A Time to Keep Silence
Publication Date: October 30, 2007
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While still a teenager, Patrick Leigh Fermor made his way across Europe, as recounted in his classic memoirs, A Time of Gifts and Between the Woods and the Water. During World War II, he fought with local partisans against the Nazi occupiers of Crete. But in A Time to Keep Silence, Leigh Fermor writes about a more inward journey, describing his several sojourns in some of Europe’s oldest and most venerable monasteries. He stays at the Abbey of St. Wandrille, a great repository of art and learning; at Solesmes, famous for its revival of Gregorian chant; and at the deeply ascetic Trappist monastery of La Grande Trappe, where monks take a vow of silence. Finally, he visits the rock monasteries of Cappadocia, hewn from the stony spires of a moonlike landscape, where he seeks some trace of the life of the earliest Christian anchorites.
More than a history or travel journal, however, this beautiful short book is a meditation on the meaning of silence and solitude for modern life. Leigh Fermor writes, “In the seclusion of a cell—an existence whose quietness is only varied by the silent meals, the solemnity of ritual, and long solitary walks in the woods—the troubled waters of the mind grow still and clear, and much that is hidden away and all that clouds it floats to the surface and can be skimmed away; and after a time one reaches a state of peace that is unthought of in the ordinary world.”
Patrick Leigh Fermor (1915-2011) was an intrepid traveler, a heroic soldier, and a writer with a unique prose style. After his stormy schooldays, followed by the walk across Europe to Constantinople that begins in A Time of Gifts (1977) and continues through Between the Woods and the Water (1986), he lived and traveled in the Balkans and the Greek Archipelago. His books Mani (1958) and Roumeli (1966) attest to his deep interest in languages and remote places. In the Second World War he joined the Irish Guards, became a liaison ofﬁcer in Albania, and fought in Greece and Crete. He was awarded the DSO and OBE. He lived partly in Greece—in the house he designed with his wife, Joan, in an olive grove in the Mani—and partly in Worcestershire. He was knighted in 2004 for his services to literature and to British–Greek relations.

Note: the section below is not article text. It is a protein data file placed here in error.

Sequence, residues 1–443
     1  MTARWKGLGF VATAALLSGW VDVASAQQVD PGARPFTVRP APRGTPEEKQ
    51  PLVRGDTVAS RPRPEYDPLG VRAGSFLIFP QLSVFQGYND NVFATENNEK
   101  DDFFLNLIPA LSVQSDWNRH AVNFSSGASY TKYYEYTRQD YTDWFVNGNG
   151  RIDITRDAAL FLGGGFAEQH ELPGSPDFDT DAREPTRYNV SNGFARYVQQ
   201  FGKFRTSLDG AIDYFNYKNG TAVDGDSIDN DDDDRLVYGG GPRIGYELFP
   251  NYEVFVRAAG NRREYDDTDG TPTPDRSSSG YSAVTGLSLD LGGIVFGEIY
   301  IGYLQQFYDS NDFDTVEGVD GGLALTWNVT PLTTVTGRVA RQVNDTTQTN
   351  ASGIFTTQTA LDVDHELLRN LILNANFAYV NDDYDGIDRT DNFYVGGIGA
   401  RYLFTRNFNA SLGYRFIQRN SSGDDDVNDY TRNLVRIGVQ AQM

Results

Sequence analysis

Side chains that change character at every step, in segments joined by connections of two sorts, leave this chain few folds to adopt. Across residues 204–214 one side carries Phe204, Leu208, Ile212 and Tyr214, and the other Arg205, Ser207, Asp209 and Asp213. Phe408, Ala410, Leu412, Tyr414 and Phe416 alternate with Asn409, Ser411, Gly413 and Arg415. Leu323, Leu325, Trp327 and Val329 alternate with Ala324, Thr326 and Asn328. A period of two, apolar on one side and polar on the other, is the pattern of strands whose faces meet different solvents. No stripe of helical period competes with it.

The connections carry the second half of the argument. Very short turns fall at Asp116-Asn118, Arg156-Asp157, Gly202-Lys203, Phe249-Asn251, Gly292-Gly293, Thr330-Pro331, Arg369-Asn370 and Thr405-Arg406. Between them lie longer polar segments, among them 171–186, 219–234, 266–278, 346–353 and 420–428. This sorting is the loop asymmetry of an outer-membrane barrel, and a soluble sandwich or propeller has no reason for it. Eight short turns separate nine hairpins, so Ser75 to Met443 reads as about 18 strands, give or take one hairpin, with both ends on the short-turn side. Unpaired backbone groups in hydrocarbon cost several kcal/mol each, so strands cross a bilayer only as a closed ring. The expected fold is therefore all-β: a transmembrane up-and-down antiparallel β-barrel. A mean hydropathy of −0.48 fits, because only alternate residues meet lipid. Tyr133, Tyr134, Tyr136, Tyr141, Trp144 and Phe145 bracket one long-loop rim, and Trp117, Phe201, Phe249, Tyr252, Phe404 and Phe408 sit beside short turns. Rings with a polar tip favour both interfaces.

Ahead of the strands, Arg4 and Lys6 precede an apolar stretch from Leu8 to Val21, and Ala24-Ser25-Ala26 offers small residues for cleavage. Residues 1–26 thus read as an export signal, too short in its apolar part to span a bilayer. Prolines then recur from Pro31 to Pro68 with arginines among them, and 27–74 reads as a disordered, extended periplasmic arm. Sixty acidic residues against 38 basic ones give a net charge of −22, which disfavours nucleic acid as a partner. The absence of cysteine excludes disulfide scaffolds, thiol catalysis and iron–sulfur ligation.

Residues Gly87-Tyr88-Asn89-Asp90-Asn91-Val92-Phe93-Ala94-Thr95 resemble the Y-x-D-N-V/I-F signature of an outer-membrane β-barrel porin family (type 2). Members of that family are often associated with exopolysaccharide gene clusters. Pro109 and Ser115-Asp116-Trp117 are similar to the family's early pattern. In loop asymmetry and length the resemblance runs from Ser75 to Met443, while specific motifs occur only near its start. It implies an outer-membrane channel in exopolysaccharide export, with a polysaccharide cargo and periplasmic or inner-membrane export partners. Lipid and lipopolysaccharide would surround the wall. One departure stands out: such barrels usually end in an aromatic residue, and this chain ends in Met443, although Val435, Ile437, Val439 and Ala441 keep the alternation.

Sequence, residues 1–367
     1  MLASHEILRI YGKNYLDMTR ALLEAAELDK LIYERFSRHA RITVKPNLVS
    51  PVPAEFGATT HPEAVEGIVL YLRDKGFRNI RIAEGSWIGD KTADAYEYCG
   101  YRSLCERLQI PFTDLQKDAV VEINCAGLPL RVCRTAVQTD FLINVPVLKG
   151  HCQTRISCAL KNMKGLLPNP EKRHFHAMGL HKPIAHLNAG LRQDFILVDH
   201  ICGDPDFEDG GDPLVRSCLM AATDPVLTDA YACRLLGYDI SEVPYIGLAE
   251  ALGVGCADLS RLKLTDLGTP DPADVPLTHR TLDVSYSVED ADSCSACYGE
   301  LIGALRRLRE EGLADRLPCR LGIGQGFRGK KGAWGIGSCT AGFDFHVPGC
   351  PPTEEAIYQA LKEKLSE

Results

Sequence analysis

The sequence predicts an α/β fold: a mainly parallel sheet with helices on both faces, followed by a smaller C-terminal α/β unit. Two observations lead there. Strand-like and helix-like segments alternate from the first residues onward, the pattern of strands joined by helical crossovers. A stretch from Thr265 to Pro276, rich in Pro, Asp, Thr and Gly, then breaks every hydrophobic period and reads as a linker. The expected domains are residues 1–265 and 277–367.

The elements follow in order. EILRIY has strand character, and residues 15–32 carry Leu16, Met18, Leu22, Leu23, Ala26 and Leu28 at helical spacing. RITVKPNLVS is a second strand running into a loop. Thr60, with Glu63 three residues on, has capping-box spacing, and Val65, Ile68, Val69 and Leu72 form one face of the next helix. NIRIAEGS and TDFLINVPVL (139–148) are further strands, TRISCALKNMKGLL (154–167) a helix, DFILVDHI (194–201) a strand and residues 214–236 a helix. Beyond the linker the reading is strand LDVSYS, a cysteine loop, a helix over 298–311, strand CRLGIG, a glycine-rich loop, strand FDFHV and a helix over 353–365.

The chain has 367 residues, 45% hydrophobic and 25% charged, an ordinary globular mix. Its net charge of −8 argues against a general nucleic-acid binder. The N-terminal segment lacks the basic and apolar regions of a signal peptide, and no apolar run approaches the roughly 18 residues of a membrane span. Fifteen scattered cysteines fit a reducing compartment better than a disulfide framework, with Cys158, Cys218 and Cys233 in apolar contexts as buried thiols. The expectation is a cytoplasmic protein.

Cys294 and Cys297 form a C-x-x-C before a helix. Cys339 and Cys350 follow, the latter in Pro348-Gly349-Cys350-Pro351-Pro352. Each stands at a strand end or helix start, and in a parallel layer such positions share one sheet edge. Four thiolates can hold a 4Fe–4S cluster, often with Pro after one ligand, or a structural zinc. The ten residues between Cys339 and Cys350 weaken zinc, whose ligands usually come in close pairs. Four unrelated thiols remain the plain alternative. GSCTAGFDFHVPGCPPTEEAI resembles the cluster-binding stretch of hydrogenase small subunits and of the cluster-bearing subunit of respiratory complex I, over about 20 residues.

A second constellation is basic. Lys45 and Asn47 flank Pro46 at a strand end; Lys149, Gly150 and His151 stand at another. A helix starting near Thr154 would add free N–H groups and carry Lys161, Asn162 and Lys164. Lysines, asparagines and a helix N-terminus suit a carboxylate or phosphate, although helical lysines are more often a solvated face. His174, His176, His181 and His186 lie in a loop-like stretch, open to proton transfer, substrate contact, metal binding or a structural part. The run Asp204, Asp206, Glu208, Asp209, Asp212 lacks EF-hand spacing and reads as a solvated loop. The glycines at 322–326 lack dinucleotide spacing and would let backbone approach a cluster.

Karen Armstrong, a historian of religion, spent seven years in a Roman Catholic religious order; she has written about this experience in Through the Narrow Gate and The Spiral Staircase. She is also the author of many books, including A History of God, The Great Transformation, and, most recently, The Bible: A Biography.
"Delightful…His book is not only an admirable piece of travel writing; it is also a brilliant piece of human exploration." — The New Statesman
"Prose lapidary and evocative enough to please even the hardiest skeptic." — The Washington Post
"His shortest book (and to my mind his best)…its hammered terseness is…a good match for the sobriety of the subject." — Anthony Lane, The New Yorker
"Fermor writes logbooks of discovery, keenly meandering through architecture, music, art, history and the minutiae of everyday life…[His] erudition and courage are matched by his discerning compassion, which shapes the probing character sketches that populate his books, including A Time to Keep Silence." — Los Angeles Times
"A most successful attempt to portray the reactions of the man of the world (in the literal sense) when confronted with the monastic life." — Daily Telegraph (UK)
Praise for Patrick Leigh Fermor:
"One of the greatest travel writers of all time”–The Sunday Times
“A unique mixture of hero, historian, traveler and writer; the last and the greatest of a generation whose like we won't see again.”–Geographical
“The finest traveling companion we could ever have . . . His head is stocked with enough cultural lore and poetic fancy to make every league an adventure.” –Evening Standard
If all Europe were laid waste tomorrow, one might do worse than attempt to recreate it, or at least to preserve some sense of historical splendor and variety, by immersing oneself in the travel books of Patrick Leigh Fermor.”—Ben Downing, The Paris Review